If there are two things that I’m a sucker for – it’s a willingness to try any wine regardless of price and red wines hailing from Spain. The Rene Barbier Mediterranean Red (NV) is cheap – Me like. It’s also from Spain – Muy bien, I definitely love the sound of that!
Unfortunately that’s where the story ends for this inexpensive Spanish red that consists of an odd and rather bland tasting combination of Tempranillo and Merlot. I sure wanted to be swept away to that cute little table and chair overlooking the beautiful sunset on a beach. Instead, I found myself sticking a cork in this fantasy as quickly as I possibly could and snapping back to reality.
I award the Rene Barbier Mediterranean Red (NV) 1 star out of 4. This is a Mediterranean getaway worth passing up.
WineLife365 Rating: 1-Star
I don’t know about you, but I will sorely miss two wine journalists that had a huge impact on my desire to write about wine. After 12 years and 579 articles written, John Brecher and Dorothy Gaiter, authors of the Wall Street Journal’s popular Friday wine column called “Tastings”, wrote their last column.
I’m not sure if this was a planned retirement by the couple or a forced one, but all I can say about the wine writing couple is that they achieved what so few wine writers and critics ever do: Making wine accessible, comfortable and fun for readers. Dottie and John had a remarkable ability to cut through the stuffiness and intimidation that still plagues the wine world, and made their wine experiences very intimate and personal for readers. I, like so many folks that write about wine, have read numerous books and taken plenty of classes that give one lots of “wine smarts”, but the wonderful writings and warm relationship that came through week after week in their column inspired me to just sit back and simply enjoy wine – not over analyze it. Their sole purpose was to enlighten people about all the wonderful things about wine without coming across as “Know it Alls”. I don’t know where the future of wine writing is heading, but I can honestly say that their no nonsense and passionate approach to this topic has left a lasting impression and smile on my face that I will be forever grateful to them for!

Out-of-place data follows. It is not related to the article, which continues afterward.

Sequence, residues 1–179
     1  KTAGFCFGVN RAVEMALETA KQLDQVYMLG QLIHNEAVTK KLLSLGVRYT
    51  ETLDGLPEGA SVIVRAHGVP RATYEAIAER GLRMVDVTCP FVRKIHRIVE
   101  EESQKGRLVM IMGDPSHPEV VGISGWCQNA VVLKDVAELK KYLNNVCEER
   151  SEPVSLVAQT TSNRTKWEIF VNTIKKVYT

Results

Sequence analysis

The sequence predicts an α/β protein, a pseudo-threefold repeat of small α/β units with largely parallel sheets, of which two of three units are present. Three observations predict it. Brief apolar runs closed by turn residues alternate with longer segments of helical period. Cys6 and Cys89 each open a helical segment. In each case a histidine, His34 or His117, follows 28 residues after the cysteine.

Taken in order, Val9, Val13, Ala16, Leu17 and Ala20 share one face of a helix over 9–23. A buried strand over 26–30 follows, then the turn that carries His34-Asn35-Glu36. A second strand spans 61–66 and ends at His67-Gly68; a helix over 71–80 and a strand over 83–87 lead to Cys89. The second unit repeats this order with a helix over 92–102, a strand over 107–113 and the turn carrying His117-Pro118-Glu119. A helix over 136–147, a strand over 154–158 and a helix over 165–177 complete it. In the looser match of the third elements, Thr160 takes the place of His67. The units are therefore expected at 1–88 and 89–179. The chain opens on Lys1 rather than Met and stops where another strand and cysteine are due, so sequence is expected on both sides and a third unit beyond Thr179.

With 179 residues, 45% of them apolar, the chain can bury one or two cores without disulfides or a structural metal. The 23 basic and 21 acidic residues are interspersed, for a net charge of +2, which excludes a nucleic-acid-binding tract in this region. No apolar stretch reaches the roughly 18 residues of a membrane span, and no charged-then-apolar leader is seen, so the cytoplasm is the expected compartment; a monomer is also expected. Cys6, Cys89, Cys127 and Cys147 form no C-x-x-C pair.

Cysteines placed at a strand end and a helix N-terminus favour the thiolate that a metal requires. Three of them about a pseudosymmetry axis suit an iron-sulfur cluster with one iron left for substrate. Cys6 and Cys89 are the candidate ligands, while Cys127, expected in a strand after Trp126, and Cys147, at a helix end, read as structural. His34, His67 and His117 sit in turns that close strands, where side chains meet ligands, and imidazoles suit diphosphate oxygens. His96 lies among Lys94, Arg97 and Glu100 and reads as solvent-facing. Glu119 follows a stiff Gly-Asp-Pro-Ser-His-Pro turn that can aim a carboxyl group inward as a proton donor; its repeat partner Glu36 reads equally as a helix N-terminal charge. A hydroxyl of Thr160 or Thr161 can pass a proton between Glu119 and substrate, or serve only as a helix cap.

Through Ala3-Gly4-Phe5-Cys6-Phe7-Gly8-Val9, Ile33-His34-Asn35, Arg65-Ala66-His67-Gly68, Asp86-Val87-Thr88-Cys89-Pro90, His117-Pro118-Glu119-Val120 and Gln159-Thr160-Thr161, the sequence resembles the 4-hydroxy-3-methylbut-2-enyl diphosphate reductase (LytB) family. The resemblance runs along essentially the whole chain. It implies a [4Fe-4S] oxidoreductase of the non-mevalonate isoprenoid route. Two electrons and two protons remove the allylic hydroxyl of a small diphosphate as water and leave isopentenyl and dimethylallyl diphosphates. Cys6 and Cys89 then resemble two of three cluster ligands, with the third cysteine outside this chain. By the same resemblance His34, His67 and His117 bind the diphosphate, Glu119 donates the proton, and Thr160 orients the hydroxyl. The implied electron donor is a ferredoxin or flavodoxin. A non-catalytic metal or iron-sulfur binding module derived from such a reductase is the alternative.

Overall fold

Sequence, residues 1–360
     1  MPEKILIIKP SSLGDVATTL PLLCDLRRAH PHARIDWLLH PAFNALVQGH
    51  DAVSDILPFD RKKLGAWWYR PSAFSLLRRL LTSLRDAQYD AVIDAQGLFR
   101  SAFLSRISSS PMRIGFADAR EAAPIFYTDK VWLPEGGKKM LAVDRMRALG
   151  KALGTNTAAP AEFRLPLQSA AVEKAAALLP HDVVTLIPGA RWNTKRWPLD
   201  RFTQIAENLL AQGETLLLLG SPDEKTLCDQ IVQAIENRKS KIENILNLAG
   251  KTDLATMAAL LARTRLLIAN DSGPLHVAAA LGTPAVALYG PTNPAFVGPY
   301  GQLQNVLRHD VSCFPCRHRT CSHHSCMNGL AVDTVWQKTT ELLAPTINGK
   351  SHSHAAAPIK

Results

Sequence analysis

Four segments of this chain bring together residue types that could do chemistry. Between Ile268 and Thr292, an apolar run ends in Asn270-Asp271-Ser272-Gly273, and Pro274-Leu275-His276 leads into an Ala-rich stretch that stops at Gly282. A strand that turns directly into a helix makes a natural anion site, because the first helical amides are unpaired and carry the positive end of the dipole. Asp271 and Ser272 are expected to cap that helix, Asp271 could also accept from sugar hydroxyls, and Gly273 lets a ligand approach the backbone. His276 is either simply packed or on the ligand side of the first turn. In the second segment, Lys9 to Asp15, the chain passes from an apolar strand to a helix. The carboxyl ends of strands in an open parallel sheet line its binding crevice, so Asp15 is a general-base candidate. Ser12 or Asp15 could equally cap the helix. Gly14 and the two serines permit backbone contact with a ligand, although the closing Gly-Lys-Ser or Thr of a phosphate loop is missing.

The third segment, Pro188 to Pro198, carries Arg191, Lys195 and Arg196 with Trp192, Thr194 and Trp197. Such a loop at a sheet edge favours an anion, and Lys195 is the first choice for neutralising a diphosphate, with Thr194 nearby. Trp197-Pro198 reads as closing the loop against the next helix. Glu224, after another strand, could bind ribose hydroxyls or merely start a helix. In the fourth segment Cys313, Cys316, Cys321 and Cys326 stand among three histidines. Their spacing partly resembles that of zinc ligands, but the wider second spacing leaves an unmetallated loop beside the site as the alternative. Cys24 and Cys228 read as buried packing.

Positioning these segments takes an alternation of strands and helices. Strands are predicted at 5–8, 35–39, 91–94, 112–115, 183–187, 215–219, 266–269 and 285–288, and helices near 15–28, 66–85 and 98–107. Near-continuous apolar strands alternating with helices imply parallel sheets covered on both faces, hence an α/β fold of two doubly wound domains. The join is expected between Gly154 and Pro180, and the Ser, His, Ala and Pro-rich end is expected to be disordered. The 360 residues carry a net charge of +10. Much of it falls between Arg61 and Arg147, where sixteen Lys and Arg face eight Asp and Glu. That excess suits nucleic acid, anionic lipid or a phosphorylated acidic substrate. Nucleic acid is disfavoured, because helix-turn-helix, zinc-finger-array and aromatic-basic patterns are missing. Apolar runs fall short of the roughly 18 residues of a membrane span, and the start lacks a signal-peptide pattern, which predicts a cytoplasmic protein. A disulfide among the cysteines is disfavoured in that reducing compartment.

If you never had the opportunity to read their weekly column, I would highly recommend checking out The Wall Street Journal “Guide to Wine” New and Improved which reads like an expanded version of their Friday wine column.